Angle of the dry stone wallTo raise the wall you obviously start from one of the ends, putting the stones alternating along the length and across in order to stagger the vertical joints. When placing the stones you simply follow the angle of the moulds so that the walls will lean inwards. Here at the left you can see a perfect example of one end, built according these criteria.

It goes without saying that building an independent dry stone wall requires at least two people, each working on their side and raising the various layers of stones. Once two or three layers have been laid, the internal part of the wall has to be filled with rubble and compressed as much as possible.

The construction of a dry stone wall has to proceed in layers, like with any other type of wall, until the final height is reached. As already said, try to make the stones fit as well as possible.

An important thing to note about positioning the stones: those of the upper layer must cover the joints of the lower layer and therefore tie them together in a way, like you can see in the picture..

Do not give in to the temptation to use dirt instead of mortar because that would be a mistake. Any precipitation will infiltrate the joints, wash away the dirt and so leave the stones “bare” (or better still “dry”) and therefore make them unstable.

Once the wall is finished, we must connect both faces of the wall with large, flat stones which will cover the top, protecting the structure against the rain. Above this closing layer you could eventually put other cover stones, which are often laid on their side or in a small slope (like you can see in the opening picture of this article) but which could also be placed alternating one vertical and one on its side.

A retaining dry stone wall

Building a dry stone wallA retaining dry stone wall differs from a boundary wall in the fact that it also serves to sustain an earth bank.

Like already said, a boundary dry stone wall can be made fairly easily, but impressive terrace structures like the ones that can be found in some regions are decisively beyond the skills of the passionate DIY

A garden dry stone wall can border an elevated herb garden or flowerbed, or emphasise and surround the trunk of a tree, its uses are many, but what truly matters is its rural aspect which can become stronger with time due to the presence of rock plants which tend to fill the cracks between the stones. We've seen previously how it's necessary to use a model to build a boundary wall which allows us to maintain the right inclination; also for a retaining wall we'll have to use a model which, however, in this case will be asymmetrical.

Retaining wallThe backside of a retaining dry stone wall has to be vertical in order to neutralise the lateral pressure of wet soil: the backside of the model therefore has to be perpendicular, while the front remains inclined towards the desired slope. As always, you'll have to use two models, one for each extremity of the wall.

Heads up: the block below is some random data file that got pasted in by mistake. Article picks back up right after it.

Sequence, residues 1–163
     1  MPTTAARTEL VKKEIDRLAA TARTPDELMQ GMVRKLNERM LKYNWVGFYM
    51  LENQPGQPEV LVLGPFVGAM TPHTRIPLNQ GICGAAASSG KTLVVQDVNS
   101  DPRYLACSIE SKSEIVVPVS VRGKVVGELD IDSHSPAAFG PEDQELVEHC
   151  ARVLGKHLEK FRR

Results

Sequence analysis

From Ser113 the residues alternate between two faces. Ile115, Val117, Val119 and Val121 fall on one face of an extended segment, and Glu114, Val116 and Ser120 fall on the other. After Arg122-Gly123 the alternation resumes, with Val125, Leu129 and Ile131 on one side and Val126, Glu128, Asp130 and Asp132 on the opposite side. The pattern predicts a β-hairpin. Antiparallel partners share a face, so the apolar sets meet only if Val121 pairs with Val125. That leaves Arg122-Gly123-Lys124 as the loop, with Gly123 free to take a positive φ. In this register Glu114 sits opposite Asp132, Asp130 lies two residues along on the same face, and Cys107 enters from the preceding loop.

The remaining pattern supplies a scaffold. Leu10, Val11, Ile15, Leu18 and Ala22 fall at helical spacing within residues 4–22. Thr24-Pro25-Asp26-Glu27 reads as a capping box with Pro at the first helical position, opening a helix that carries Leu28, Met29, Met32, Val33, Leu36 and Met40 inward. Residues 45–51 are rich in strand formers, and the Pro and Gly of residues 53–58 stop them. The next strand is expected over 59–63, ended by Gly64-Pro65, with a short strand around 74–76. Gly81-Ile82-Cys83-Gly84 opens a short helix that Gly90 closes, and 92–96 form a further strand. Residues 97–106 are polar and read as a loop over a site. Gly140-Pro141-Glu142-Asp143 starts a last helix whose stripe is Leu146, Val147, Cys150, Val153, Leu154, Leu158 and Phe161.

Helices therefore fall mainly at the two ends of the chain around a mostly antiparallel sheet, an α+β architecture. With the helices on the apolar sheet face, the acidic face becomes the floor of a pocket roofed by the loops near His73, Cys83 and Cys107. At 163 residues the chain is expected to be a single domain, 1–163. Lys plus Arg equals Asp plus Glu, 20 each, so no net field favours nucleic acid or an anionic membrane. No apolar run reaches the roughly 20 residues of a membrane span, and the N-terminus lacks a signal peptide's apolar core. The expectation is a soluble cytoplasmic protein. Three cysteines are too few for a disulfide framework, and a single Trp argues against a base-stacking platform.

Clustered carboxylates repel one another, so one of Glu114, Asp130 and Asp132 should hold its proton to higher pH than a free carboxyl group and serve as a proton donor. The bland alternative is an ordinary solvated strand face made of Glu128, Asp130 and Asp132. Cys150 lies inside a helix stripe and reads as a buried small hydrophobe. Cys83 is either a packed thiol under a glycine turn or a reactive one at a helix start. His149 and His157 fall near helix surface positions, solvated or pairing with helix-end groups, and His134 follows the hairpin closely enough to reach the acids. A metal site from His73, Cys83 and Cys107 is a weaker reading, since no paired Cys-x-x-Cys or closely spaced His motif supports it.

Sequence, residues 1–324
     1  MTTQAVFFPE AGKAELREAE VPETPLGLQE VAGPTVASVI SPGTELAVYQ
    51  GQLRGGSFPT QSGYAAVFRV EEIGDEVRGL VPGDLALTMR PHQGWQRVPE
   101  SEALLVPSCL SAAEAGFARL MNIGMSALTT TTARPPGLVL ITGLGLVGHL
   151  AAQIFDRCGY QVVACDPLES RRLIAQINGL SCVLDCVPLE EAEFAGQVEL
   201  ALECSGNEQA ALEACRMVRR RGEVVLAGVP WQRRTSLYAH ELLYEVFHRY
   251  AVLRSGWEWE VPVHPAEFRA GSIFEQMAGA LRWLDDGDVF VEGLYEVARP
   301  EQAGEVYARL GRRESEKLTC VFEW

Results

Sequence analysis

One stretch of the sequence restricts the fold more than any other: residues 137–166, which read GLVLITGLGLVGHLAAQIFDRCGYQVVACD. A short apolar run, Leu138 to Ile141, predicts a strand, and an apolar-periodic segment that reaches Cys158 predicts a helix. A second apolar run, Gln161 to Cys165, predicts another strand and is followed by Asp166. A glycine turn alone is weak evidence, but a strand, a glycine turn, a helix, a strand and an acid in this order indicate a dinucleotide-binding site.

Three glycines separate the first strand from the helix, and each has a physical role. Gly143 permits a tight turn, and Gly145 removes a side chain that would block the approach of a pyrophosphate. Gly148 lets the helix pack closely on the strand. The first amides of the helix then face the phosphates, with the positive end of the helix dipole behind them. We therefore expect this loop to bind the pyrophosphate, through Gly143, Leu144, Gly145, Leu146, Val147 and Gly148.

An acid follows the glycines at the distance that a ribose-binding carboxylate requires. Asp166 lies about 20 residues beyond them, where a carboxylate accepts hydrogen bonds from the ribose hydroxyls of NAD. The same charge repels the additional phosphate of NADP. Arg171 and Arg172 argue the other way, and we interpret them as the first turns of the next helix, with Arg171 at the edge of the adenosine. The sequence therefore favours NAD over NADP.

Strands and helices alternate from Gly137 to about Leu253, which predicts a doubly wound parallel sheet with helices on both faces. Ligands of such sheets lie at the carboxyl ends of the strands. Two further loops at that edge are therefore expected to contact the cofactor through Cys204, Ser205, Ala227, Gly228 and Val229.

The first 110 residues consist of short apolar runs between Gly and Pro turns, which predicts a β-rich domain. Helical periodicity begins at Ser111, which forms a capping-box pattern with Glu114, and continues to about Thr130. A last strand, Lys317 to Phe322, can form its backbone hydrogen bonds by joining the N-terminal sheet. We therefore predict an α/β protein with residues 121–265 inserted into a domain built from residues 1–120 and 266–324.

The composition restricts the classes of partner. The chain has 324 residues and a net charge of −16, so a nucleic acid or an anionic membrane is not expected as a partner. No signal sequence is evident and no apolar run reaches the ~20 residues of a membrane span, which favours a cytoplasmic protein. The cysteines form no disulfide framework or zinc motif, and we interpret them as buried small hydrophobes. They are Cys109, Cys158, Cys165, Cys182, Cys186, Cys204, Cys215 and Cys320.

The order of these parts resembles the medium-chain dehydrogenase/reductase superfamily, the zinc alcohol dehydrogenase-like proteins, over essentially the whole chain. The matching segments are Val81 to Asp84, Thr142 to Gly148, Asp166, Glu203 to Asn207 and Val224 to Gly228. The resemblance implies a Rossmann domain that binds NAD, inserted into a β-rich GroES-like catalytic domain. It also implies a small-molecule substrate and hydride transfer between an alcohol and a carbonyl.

If the wall is low, it can also be built with a sort of curve which sill “soften” its look. 

A retaining dry stone wall differs from a boundary wall in the fact that it also serves to sustain an earth bank. Like already said, a boundary dry stone wall can be made fairly easily, but impressive terrace structures like the ones that can be found in some regions are decisively beyond the skills of the passionate DIY.

If the wall is low, it can also be built with a sort of curve which sill “soften” its look.

For the rest, the construction of a retaining wall doesn't differ significantly from a boundary wall, with however one important remark: retaining walls are subject to pressure of the earth they have to contain and are therefore under more mechanical stress and are more susceptible to water infiltration which, in case it was poorly constructed, may compromise its stability .

The secret about how a retaining wall may resist time consists in the construction of a compensation “crate” between the wall itself and the terrain it is meant to contain. In substance, this “crate” consists of excavating a larger portion of earth behind the wall (or to place the wall more forward) in order to leave a cavity which will then be filled with rubble. This little “secret” makes that the weight of the earth behind is more uniformely distributed and doesn't put any direct pressure on the wall itself.

Here's a nice video which shows a few headlines about creating a retaining dry stone wall, but certainly not as tall as the one presented in the pictures: